Socialization can be a tough thing for some children and maybe you should make it one of your child's NEEDS and incorporate it into your child's educational learning plan at school. Buddy system anyone? --all the best 

Name: Jessie | Date: Sep 15th, 2009 10:08 PM
I am 21 years old. I was nearly diag with mild cp when I was six years old. I could walk but slower little awkward then most kids. The weird thing was I starting crawling early, walking early. I have the prob. when sometimes says hurry. I have my mild cp moment. What is weird some days I feel normal and some days I have mild cp does this happen to your girl? 

Name: Rebecca | Date: Sep 17th, 2009 7:49 PM
Hi my name is Rebecca and I am now 25 years old. I was born with CP but it was not diagnosed till I was in Kindergarten. My CP also affects my right side and at times I walk with a limp. I understand being teased and not being understood by my classmates even as I was going through college. The major advise that I can give you is to give her a lot of encouragement because she will hear a lot of negativity, encourage her to dream big and work hard. Had it not been for my family giving me that needed encouragement, I would not have my masters now. CP is never something to be ashamed of, but something that can teach you to be stronger, if you can get her to understand that it makes it easier to tell others, and hopefully, will make them more understanding. She may never know the impact and the encouragement she could have on others if she learns to move beyond her disability. Keep on top of her to exercise and stretch, although CP is not progressive, lack of continual exercise and stretching will make for less optimal movement and increase in muscular pain-I am learning that the hard way. Also watch out for scoliosis, I was not diagnosed till I was in my 20's and it is putting a lot of strain and pain in my lower back. I hope this helps....you and your daughter are in my prayers 

Name: Kimberly | Date: Sep 28th, 2009 5:19 PM

I am 26 years old and I have mild CP. I acutally didn't know I had it until a few years ago (my parents kept it a secret), but I do remember part of my childhood and it explained a lot of what I went through. I had epilepsy as a kid and was slow to learn how to walk. I was told I would have trouble with balance, especially side to side motion. The doctor told my parents that I wouldn't be good at things like dance. I was in coding for a few years in grad school, but then my parents pulled me out. My parents also made sure they put me in sports that would improve my balance like dance, soccer, and horseback riding.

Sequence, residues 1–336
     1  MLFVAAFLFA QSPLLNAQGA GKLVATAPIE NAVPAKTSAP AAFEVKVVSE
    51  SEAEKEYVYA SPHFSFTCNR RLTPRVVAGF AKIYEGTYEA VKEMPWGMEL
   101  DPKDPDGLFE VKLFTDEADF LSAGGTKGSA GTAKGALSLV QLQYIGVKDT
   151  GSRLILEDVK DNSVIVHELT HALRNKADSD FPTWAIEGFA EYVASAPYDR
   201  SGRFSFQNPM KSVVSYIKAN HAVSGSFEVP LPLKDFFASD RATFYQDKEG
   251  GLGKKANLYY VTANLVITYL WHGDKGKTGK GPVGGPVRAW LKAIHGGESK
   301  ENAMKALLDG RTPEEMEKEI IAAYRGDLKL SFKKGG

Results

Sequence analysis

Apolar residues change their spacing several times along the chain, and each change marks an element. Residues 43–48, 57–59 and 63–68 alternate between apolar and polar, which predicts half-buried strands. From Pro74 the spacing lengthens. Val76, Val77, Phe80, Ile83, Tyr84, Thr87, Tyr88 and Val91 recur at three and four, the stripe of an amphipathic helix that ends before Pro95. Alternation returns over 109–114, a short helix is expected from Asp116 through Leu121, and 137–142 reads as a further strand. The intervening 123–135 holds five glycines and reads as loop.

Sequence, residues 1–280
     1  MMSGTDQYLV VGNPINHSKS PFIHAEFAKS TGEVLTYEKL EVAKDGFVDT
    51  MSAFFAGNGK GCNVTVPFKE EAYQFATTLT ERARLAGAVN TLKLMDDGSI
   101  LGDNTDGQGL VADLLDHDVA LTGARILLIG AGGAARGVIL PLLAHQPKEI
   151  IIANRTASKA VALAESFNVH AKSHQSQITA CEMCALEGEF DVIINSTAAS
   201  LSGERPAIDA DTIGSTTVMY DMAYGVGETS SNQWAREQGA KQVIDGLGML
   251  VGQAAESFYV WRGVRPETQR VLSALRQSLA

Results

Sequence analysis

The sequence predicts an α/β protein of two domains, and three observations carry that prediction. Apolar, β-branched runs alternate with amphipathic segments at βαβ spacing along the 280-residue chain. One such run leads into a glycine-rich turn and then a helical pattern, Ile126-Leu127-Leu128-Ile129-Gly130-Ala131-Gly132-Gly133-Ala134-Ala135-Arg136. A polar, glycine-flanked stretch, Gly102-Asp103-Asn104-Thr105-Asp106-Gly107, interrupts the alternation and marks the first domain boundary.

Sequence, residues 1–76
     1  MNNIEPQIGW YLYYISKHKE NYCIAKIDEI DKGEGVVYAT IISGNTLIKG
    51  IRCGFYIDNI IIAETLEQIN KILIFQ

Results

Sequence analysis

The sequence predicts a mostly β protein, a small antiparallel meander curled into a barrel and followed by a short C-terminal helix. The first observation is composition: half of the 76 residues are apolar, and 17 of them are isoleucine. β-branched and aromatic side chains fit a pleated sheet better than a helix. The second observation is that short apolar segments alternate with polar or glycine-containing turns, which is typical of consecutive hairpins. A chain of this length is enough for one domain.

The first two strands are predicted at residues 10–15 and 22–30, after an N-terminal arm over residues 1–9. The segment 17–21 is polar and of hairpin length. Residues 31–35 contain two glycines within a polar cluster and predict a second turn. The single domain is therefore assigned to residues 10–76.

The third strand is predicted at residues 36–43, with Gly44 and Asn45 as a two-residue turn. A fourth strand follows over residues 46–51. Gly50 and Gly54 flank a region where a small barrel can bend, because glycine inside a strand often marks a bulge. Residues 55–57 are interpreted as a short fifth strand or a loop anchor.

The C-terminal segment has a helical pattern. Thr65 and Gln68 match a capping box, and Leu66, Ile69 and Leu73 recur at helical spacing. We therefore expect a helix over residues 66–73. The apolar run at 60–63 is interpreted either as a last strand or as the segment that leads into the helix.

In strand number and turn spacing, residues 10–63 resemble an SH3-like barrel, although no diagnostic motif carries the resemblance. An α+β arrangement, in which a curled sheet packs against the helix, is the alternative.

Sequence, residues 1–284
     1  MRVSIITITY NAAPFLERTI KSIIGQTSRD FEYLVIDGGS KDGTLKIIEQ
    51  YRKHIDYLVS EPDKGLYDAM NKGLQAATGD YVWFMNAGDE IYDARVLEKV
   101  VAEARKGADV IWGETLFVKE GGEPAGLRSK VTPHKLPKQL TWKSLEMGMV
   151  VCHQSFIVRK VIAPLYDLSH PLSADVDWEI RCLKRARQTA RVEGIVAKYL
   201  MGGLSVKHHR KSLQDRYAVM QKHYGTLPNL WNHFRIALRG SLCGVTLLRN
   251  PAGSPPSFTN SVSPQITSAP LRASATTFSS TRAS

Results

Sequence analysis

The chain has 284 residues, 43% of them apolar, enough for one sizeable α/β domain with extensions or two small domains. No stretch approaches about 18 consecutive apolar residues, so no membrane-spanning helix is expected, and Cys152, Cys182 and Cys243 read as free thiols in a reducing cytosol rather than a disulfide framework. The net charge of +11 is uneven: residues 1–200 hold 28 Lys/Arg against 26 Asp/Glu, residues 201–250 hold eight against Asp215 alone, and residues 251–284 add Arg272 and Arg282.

Right now the things I struggle with are: light headness, muscle weakness, muscle aches, joint aches, fatigue, sometimes I have involuntary movement (very slight), shaky hands, or a slight eye twitch.

No one knows I have CP, I have no obvious physical problems. Just problems I feel. I am a runner (been told I run in really good form) and a competitive equestrian with multiple state placings. Right now I am seeing a dietician to improve my diet and make a lot of my nuero problems less noticable.

Many children end up getting better, it doesn't get worse. So the outlook it good. If your child has mild form, I would strongly suggest watching her in school...she may not need to be in special classes and I would strongly avoid it if possible (from experience coding stays with you, you don't want your child treated different if she/he doesn't need to be, this may lead to confidence issues and hard time making friends). My parents moved me in highschool and that was the best thing. The new school system didn't know I had issues and I became very smart, graduating with a 3.75GPA and in high level classes. It was almost the old school system holding me back because they thought I had a problem, not my disability. In college I graduated with a 3.3 GPA for my BA. I am looking to go back to school for my Masters.

I would strongly suggest horseback riding as something to help your child coordination. Or hippotherapy (depending on how idenpendent your child is). I volunteer at the riding therapy center and its amazing how those horses help! The motion of a horse simulates the motion of walking (its the only thing that does) it will improve your childs balance. Get them into sports that incourage balance, like dance, horseback riding, martial arts, etc. Also, art classes! Will help their fine motor skills.

Good luck! 

Name: Jenny | Date: Oct 29th, 2009 9:00 PM
i am also 15 and have mild cerebral palsy, i wore foot braces for most of my childhood and now just need to wear insoles, i cant walk or run anywhere near as fast as my friends and struggle in P.E. it is much better to just get your daughter to tell people that she has the condition, hopefully they will understand. you can live a normal life with mild cerebral palsy. i do.